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Thomas Boles was a Republican member of the U.S. House of Representatives. He represented the Third District of Arkansas in the Fortieth, Forty-First, and Forty-Second Congresses from 1868 to 1871 and then again from 1872 to 1873.
Thomas Boles was born on July 16, 1837, near Clarksville (Johnson County) to John Boles and Mary May Boles. One of eleven children, he was educated in the local common schools and was a teacher for a few years before becoming sheriff of Yell County in 1858. The following year, he was appointed deputy clerk of the Yell County circuit court, a position that motivated him to study law. Admitted to the Arkansas bar in 1860, he started a practice in Danville (Yell County), but that effort was interrupted by the Civil War. Boles served in the Union army in Company E, Third Regiment of the Arkansas Volunteer Calvary, ultimately attaining the rank of captain.
After the war, Boles served as a judge on the fourth judicial circuit from 1865 until 1868. During his time on the circuit court, Boles made a name for himself with controversial rulings in a number of murder cases, dismissing the indictments against a number of Confederate soldiers, ruling that the murders were committed during war and thus not subject to the dictates of the civilian statutes.
He resigned from the court to serve in Congress, to which he was first elected in 1868. Boles sought reelection in 1870 and appeared initially to have won. However, the state was fractured by the competing intra-party loyalties that characterized postwar Reconstruction politics, with factions aligned with the national regular Republican leadership competing against the Liberal Republican movement. Despite the initial vote tallies to the contrary, Boles was defeated. In an apparent power play by Governor Powell Clayton, Liberal Republican John Edwards was declared the winner of the closely contested election, and, presenting the certificate of election he had been granted by the governor, Edwards assumed the seat at the start of the Forty-Second Congress. However, Boles refused to accept the initial result and, claiming fraud, pursued a challenge. His allegations were ultimately supported by the House Committee on Elections, and he reclaimed his seat, being sworn in on February 9, 1872. Ironically, despite fighting for over a year to claim the seat, Boles opted not to seek reelection the following November.
Boles’s tenure in Congress established him as something of an independent voice, although he generally supported the Republican Reconstruction regime. In one notable vote, he supported the establishment of Yellowstone National Park; his son, Thomas, would later work for the National Park Service for over a quarter of a century. Boles was also one of a handful of House Republicans who did not support the 1872 Anti–Ku Klux Klan Act. The vote took place not long after he had reclaimed his seat, and, although he was, in fact, in Little Rock (Pulaski County) when the June vote was taken, local papers reported that he would have voted against the legislation had he been in residence. His absence was particularly noteworthy because he had been outspoken in his opposition to the actions of the Klan and the race-based vigilante justice that was common at the time.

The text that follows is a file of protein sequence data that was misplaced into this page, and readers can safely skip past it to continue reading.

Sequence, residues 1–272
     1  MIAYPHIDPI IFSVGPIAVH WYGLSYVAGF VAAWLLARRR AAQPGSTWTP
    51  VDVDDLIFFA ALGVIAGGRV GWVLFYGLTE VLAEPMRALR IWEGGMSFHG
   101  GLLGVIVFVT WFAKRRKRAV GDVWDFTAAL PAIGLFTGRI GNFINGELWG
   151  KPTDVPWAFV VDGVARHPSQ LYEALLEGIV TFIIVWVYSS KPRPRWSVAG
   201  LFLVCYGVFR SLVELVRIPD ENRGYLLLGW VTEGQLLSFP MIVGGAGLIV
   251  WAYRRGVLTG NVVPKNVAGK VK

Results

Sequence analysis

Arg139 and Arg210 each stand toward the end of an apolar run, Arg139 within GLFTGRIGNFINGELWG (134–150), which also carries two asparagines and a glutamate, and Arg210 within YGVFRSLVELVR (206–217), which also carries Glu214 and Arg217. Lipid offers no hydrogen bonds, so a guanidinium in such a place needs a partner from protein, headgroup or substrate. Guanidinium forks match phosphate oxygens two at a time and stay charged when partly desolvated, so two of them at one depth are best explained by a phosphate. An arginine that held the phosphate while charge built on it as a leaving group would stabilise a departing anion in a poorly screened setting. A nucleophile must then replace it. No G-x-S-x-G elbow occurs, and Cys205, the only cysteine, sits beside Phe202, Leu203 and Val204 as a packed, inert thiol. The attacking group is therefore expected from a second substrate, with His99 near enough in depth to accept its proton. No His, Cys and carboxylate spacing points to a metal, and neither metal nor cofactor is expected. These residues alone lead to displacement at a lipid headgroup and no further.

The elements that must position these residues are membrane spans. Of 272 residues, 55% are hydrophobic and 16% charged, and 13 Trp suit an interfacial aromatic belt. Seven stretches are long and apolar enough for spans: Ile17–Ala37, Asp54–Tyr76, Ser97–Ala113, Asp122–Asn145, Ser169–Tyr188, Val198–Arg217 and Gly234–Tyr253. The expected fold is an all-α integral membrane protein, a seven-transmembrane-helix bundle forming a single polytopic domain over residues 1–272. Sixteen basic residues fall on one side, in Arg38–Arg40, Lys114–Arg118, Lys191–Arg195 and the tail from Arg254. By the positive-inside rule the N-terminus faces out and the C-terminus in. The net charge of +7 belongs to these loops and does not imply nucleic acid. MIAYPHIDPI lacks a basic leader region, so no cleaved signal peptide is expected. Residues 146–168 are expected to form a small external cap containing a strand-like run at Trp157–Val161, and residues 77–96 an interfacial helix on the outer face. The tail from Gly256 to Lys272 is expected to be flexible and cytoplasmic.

After retiring from Congress, Boles returned to Arkansas, and he resumed the practice of law, this time in Dardanelle (Yell County). He had married Julia Pound of Danville on August 15, 1866, and they had three children before her death in 1872. Back in Arkansas, he married Catharine Keith, a native of Scotland who had come to the United States as a child, on February 4, 1874. They also had three children.
In 1878, President Rutherford B. Hayes appointed Boles receiver of the U.S. Land Office, and a few years later, after a failed 1880 bid to return to Congress, President Chester A. Arthur named Boles U.S. marshal for the U.S. District Court of the Western District of Arkansas. Around the same time, he relocated to Fort Smith (Sebastian County) and assumed the presidency of the Fort Smith, Paris and Dardanelle Railway. In 1884, Boles returned to the political arena, securing the Republican nomination for governor, but he was defeated by Simon Hughes in the general election.
Boles again resumed his law practice and was appointed clerk of the U.S. Circuit Court, a post he held from 1897 until his death. Interestingly, that appointment had come despite the fact that, late in his career, Boles had deserted the Republican Party to support the 1896 Democratic presidential candidate William Jennings Bryan, all the while making clear his strong support for the free coinage of silver.
Boles died on March 13, 1905. He is interred in Brearley Cemetery in Dardanelle.
For additional information:“Hon. Thomas Boles.” Morning Republican (Little Rock, Arkansas), March 15, 1870, p. 2.
“Hon. Thomas Boles.” Arkansas Gazette, October 1, 1897, p. 2.
“Judge Thomas Boles Dead.” Jonesboro Weekly Sun (Jonesboro, Arkansas), March 29, 1905, p. 6.
“Thomas Boles.” Biographical Directory of the United States Congress. http://bioguide.congress.gov/scripts/biodisplay.pl?index=B000603 (accessed August 21, 2014).
“US Marshal Boles’ Record Book.” Fort Smith National Historic Site. http://www.nps.gov/fosm/historyculture/boles-record-book.htm (accessed August 21, 2014).
“Where Was Thomas Boles?” Arkansas Gazette, June 13, 1872, p. 2.
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